Making customer data more secure to gain their trust will need to be a priority for businesses in the future.

The warning comes from the Institute of Customer Service in its latest report The Customer of the Future, which includes seven recommendations designed to equip businesses to get ahead in the next decade.

One of the most immediate challenges will be for organisations to tighten their processes around data so that their customers give their personal information with confidence, and are assured of its long-term security.

“Of course, none of us can claim accurately to predict the future, but that does not mean we should not try to forecast and prepare for it,” commented Institute chief executive Jo Causon.

“Looking ahead, successful organisations will be those who can do more than embrace change - they will anticipate, identify and drive it.”

The Customer of the Future report identifies ‘12 factors of change’ that will shape the business landscape in 2025. It also suggests how UK companies should future-proof themselves to cope.

customer of the future

“In this research we identify the forces shaping the customer of the future, examine a range of future scenarios and highlight opportunities and key implications for organisations,” Causon says in the report’s foreword.

“What emerges is a complex, multi-layered, constantly evolving picture in which it will be more important than ever to understand how customers’ diverse needs, preferences and behaviours are changing and to develop strategies to adapt and respond.

“Customer behaviour is changing, and the future promises vast, exciting opportunities for new products and ways of delivering service.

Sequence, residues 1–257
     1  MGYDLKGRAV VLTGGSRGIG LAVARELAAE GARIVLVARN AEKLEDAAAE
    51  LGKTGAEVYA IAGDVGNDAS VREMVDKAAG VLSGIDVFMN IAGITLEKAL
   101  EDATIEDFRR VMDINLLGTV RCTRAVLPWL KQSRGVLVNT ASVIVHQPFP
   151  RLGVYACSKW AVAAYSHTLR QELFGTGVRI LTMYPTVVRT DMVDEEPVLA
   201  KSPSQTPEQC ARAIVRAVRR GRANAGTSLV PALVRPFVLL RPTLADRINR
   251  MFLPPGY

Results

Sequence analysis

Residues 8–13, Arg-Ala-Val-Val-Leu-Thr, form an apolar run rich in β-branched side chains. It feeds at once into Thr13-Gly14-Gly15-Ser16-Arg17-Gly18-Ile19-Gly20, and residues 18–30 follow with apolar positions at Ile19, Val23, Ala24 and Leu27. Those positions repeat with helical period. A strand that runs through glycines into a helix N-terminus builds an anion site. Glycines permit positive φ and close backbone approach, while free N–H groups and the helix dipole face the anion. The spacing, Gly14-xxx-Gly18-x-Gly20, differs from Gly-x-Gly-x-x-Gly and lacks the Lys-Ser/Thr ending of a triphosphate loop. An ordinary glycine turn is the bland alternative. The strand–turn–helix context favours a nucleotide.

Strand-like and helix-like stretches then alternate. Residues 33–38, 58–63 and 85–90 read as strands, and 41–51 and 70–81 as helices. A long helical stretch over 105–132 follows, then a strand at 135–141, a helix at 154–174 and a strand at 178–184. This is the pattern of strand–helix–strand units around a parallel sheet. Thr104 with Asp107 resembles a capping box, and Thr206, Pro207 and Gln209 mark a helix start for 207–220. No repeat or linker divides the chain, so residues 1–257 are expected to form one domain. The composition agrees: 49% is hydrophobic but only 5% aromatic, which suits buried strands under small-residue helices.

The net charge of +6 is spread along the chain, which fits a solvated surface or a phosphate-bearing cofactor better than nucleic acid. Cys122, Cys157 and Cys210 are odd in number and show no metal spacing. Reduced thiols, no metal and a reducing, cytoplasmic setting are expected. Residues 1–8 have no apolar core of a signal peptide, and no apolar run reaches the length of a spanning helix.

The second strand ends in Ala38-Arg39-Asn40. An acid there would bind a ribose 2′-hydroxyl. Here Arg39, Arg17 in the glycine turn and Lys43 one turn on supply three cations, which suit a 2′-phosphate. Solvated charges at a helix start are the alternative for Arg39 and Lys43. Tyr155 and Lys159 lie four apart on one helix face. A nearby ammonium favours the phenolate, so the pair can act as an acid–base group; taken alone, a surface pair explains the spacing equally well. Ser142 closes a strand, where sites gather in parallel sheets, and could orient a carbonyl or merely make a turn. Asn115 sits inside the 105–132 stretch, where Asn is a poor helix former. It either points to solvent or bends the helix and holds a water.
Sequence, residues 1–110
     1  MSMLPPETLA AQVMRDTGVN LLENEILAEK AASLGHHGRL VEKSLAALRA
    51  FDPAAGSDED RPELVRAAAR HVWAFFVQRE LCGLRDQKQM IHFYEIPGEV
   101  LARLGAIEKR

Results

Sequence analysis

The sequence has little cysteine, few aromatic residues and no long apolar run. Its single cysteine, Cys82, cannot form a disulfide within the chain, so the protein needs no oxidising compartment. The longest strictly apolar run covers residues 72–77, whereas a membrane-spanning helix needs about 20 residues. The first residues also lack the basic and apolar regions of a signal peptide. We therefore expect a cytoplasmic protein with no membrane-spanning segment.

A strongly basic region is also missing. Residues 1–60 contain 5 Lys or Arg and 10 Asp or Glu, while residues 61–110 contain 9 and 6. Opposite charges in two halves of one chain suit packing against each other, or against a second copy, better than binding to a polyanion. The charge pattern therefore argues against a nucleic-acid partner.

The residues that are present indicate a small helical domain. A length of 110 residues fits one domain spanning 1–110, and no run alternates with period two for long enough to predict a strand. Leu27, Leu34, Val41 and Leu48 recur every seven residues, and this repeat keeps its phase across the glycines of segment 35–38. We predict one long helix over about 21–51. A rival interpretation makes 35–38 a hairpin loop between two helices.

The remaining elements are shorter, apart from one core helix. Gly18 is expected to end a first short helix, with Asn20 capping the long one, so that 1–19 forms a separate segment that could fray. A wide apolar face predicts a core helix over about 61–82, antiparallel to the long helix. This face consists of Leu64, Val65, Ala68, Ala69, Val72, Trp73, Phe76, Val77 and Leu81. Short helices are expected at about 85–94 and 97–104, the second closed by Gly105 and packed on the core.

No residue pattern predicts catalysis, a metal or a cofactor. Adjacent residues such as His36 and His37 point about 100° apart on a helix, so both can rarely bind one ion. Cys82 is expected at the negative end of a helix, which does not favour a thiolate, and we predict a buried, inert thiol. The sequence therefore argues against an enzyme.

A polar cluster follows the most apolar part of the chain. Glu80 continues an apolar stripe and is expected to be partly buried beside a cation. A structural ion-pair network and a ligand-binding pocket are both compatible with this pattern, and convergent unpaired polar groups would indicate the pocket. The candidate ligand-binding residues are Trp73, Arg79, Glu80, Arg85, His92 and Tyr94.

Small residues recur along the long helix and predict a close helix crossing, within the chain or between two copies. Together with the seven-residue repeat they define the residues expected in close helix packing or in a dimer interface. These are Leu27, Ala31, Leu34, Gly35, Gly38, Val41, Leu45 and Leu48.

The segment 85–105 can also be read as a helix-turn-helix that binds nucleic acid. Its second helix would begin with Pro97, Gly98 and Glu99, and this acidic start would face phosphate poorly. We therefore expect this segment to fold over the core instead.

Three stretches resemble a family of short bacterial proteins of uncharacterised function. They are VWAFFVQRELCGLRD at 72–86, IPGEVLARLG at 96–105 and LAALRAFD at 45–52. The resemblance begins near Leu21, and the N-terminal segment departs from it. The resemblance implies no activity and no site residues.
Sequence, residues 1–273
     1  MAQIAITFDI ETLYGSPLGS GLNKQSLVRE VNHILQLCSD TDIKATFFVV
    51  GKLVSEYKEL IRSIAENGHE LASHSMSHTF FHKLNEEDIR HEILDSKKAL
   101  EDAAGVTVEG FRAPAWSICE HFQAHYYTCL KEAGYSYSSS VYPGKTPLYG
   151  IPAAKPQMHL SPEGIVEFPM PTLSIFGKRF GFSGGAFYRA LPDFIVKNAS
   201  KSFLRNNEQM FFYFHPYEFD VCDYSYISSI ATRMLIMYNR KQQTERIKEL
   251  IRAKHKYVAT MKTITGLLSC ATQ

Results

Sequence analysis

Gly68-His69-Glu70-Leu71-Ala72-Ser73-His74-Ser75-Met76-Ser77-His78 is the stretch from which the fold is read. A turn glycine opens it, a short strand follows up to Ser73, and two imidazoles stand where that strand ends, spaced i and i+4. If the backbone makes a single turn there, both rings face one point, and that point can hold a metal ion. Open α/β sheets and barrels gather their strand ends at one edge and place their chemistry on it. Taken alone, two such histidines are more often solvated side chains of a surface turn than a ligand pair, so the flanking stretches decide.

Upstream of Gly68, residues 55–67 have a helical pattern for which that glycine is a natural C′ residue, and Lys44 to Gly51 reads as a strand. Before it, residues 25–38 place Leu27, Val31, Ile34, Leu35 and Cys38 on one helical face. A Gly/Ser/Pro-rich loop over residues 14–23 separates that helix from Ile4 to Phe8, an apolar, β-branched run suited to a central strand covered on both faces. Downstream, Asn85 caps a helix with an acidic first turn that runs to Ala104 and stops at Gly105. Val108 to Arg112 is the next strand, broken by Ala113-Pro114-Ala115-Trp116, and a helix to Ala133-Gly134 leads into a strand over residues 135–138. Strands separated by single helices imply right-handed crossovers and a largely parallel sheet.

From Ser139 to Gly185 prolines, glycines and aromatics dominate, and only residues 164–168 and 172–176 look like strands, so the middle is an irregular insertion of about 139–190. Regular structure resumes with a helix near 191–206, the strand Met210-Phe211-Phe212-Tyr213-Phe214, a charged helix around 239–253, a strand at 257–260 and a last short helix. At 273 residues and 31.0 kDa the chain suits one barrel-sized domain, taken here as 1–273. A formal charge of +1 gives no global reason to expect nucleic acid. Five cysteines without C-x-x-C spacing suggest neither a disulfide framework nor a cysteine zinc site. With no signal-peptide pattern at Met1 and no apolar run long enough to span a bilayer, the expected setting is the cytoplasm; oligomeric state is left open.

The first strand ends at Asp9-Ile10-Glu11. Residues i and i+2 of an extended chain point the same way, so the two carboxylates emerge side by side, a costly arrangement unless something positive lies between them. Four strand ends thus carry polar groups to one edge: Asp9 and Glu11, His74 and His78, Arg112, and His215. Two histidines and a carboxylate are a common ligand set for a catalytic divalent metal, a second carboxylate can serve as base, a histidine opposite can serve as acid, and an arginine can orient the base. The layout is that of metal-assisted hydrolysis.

“Yet in a climate of expanding choice, customers will also want integrated services and simple, straightforward experiences from companies they can trust.

“The challenge will be for organisations to understand both sets of needs and be able to move seamlessly between them.”

The Institute predicts an emerging breed of consumer ‘driven by fear’ over online data security as a result of increasingly frequent public breaches and threat of cyber-attacks. This will lead to them being fiercely protective of their personal information and demanding robust assurances of ongoing security. And they will be unpredictable and more reluctant to share data as politics and economics become more uncertain.

jo causon

Jo Causon

They will be ‘self-aware’ and focused on the ‘here and now’. Mass consumerism will be phased out as customers demand ‘genuinely personalised service’; living in a tougher economic climate, their focus will be on using disposable income for ‘instant gratification over long-term planning’.

The report also predicts that consumers will benefit from the ‘network economy’ as competing organisations collaborate to build market share, resulting in customers getting better value and more innovative products.

However, as consumers battle contradictory impulses, grappling with a desire for personalisation and reluctance to share data, “tomorrow’s customer will be unpredictable, spelling an uncertain future for organisations looking to target and satisfy them” the report says.